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'Gukurahundi survivors denied food aid'

Local News
Mbuso Fuzwayo

HUMAN rights activists and Silobela villagers in the Midlands province on Tuesday this week gathered to remember 11 people who disappeared in January 1985, during the Gukurahundi era.

The event, to honour victims of enforced disappearances in Silobela, was organised by Ibhetshu LikaZulu amid concerns that families of abduction victims were being neglected by authorities and sidelined in food aid initiatives.

Ibhetshu LikaZulu co-ordinator Mbuso Fuzwayo yesterday confirmed holding the event.

“We were in Silobela commemorating the International Day for Enforced Disappearances. The unfortunate thing is that the families of the 11 victims are denied food aid because they are seen as anti-government by asking for truth and justice,” Fuzwayo said.

“There are 11 [people] who disappeared on January 31, 1985. The villagers who disappered are Kefasi Ndebele, Clement Baleni, Lambert Ncube, Patrick Mthethwa, Milton Ndlangamandla, Enoch Tshuma, Mbulani Mnkandla, Simon Bhozho Dube, Patrick Mthethwa, Dennis Mabhikwa (and another whose name was not given).”

The commemorations came as the Zimbabwe Lawyers for Human Rights (ZLHR) called for an end to enforced disappearances in Zimbabwe.

ZLHR urged the public to remember and reflect on the lives of victims and survivors of enforced disappearances as well as the communities disrupted by the gross human rights violations.

The International Day in Support of Victims of Enforced Disappearances is commemorated annually on August 30 to reflect on the fate and lives of all victims of enforced disappearance across the globe. It is an opportunity for citizens all over the world to lobby their respective governments to desist from the practice of enforced disappearances.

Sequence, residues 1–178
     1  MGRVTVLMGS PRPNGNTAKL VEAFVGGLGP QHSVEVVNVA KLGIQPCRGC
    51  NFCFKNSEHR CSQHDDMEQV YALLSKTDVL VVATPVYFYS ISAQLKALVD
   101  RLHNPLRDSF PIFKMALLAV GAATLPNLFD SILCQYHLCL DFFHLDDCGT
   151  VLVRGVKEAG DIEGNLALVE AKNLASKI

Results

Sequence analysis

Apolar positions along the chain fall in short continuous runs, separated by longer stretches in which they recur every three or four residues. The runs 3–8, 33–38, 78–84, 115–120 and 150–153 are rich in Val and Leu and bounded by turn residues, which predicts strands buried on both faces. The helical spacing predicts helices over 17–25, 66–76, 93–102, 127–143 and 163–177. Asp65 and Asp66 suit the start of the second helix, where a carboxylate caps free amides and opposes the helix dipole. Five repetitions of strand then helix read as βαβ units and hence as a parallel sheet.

The United Nations Declaration on the Protection of all Persons from Enforced Disappearances states that an enforced disappearance is the abduction, arrest and detention of a person against their will by government officials or individuals acting on behalf of the government.

“An enforced disappearance also occurs when the government directly or indirectly consents or acquiesces to the abduction, arrest or detention of persons by private individuals. An enforced disappearance is usually followed by the State’s refusal to disclose the whereabouts of the disappeared persons or a refusal to acknowledge the disappearance. This refusal to acknowledge the disappearances effectively deprives the disappeared any protection of the law,” ZLHR said.

“International law considers an enforced disappearance to be a gross violation of human rights and a crime against humanity, especially  when it is committed as part of an organised plan by ruling  authorities. The victims of enforced disappearances are often deprived of their fundamental human rights by captors. Such fundamental rights include the right to humane dignity, right to personal liberty and security of the person, the right to health, the right not to be subjected to torture and other cruel, inhumane or degrading treatment or punishment and the right to life, in circumstances where the victims are killed by their captors.”

ZLHR said it had noted a worrying pattern of enforced disappearances where human rights defenders, community activists, members of opposition political parties and journalists have been targeted.

“On many occasions, the victims are abducted by suspected State agents and held incommunicado. Some of the victims have not been found to this day and their fate remains uncertain. Government has often refused to acknowledge the disappearances and even dismissed them as staged events,” ZLHR said, calling on the government to end the culture of impunity in cases of enforced disappearances perpetrated by State actors or agents.

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